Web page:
This book approaches the study of morality with the methodology of generative grammar. Moral knowledge appears to display the same systematic variation and continuity across individuals and cultures that is found in language, and develops, as language does, without explicit instruction. That suggests that moral knowledge is largely innate, with some general principles known by all human beings, and variation explained in terms of values of parameters set by differences in experience.

That's a fa
This was given to me by a friend in college. I've been reading it on and off for years now. I really feel like the author did a ton of research on a subject and then patchworked it together to see if he could make some money off of it in book form. It was generally very dry. It usually didn't seem to be going any specific either, I kept asking myself "what does this really have to do with the nature of morality?". At a very small level it all made sense, but almost the entire book was at that sm ...more
Apr 13, 2008 rated it really liked it  ·  review of another edition
Moral Minds will become a well-referenced contribution to the naturalization of human morality. The jig may not be entirely up for those who support a supernatural origin of ethics, but arguments like Hauser's put it on life support. Although the analogy is not original to Hauser, his presentation of moral development as being analogous to language development is as well done as I've seen. He also does a fine job of linking the traditional philosophical analyzes of morality (Rawls, Hume, etc.) w ...more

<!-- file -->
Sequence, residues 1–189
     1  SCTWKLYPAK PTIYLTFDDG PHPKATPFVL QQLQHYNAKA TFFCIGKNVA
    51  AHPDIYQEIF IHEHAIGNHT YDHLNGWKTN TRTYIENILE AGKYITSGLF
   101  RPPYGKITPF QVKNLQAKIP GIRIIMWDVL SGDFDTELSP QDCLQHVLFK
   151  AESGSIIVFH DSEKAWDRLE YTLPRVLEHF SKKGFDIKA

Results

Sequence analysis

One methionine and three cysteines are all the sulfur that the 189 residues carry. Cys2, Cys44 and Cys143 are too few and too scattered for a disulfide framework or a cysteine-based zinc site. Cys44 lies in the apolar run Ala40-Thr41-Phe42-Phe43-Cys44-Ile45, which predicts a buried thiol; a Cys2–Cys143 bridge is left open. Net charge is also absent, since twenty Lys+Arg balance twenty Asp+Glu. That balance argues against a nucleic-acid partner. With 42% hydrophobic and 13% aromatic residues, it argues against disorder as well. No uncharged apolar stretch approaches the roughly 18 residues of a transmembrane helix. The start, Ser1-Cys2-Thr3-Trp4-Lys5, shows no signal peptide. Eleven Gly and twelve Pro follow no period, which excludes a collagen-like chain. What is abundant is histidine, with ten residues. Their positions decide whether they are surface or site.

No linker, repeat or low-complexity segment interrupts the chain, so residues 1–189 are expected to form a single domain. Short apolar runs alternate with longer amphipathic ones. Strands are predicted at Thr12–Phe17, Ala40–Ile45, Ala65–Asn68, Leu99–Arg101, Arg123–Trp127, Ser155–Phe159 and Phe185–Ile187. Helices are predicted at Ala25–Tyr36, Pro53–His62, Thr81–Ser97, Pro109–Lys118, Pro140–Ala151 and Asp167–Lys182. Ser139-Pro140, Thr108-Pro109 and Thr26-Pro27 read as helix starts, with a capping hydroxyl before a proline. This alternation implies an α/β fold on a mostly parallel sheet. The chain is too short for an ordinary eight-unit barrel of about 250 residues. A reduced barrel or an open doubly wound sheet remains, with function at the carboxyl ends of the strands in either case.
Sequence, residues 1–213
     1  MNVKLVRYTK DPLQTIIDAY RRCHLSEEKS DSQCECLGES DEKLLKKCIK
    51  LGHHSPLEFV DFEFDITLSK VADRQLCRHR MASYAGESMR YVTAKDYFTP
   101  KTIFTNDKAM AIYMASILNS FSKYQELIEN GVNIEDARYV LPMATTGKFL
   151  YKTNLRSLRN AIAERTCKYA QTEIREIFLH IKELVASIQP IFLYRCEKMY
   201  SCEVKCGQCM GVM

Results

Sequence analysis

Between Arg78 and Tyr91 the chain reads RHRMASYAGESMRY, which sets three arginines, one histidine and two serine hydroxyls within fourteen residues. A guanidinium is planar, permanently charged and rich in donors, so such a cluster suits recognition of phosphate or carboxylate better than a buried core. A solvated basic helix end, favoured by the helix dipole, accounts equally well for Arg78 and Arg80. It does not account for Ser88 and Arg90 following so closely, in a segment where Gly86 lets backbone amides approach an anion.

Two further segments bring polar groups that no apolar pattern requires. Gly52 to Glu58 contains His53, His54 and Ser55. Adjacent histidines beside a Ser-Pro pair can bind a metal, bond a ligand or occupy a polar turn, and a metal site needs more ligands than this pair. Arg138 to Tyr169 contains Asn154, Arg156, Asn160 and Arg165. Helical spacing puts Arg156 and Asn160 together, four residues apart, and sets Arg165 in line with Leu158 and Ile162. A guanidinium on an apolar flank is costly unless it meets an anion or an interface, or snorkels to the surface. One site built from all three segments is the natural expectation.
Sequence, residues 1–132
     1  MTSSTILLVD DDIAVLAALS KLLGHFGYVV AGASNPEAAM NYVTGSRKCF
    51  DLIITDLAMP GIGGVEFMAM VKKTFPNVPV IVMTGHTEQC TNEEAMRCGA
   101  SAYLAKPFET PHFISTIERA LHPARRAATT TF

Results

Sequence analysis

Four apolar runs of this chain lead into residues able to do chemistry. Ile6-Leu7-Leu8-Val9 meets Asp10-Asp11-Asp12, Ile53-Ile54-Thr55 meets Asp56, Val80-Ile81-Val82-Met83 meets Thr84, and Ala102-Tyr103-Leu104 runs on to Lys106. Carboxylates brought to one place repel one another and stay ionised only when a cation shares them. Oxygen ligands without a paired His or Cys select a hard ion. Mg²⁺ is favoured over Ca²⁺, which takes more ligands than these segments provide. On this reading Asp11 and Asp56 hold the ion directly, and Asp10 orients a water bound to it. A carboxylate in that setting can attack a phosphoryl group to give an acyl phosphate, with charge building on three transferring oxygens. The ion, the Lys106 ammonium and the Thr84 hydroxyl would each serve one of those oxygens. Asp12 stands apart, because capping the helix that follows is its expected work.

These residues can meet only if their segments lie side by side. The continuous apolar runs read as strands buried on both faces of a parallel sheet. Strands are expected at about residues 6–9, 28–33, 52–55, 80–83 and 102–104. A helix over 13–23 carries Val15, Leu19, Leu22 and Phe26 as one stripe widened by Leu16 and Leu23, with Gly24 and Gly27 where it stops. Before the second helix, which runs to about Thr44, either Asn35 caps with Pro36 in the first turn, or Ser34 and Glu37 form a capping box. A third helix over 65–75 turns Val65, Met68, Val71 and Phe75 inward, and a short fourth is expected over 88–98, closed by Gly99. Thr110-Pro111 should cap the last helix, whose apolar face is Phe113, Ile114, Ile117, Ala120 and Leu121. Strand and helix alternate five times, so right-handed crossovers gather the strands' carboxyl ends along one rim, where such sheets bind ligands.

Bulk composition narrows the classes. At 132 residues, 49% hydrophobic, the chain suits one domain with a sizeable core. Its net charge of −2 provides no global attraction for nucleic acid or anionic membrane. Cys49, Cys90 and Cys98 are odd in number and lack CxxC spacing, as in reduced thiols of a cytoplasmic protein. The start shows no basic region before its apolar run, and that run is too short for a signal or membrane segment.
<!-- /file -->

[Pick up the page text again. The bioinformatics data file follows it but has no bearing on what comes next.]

Dec 11, 2007 rated it really liked it  ·  review of another edition
Recommends it for: Philosophical minds
Shelves: already-read
Though it's not a particularly easy read nor is it short, Hauser does a nice job convincing the reader that human morality is purely a product of our biology rather than our external experiences, be it our parental teachings or our religious beliefs. The entire basis of his argument is a stretch hinging on the coupling of morality and the study of human language but he successfully marries the two well with anecdotal analogies which keep the book moving. Definitely recommended if you have some t ...more
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My training is the biological sciences, but with broad interests in human nature, including its evolution. My writings, including academic and trade books, as well as over 200 scientific papers, cover the disciplines of animal behavior, evolutionary biology, neurobiology, cognitive neuroscience, biological anthropology, evolutionary psychology, linguistics, economics, cognitive development, and ph ...more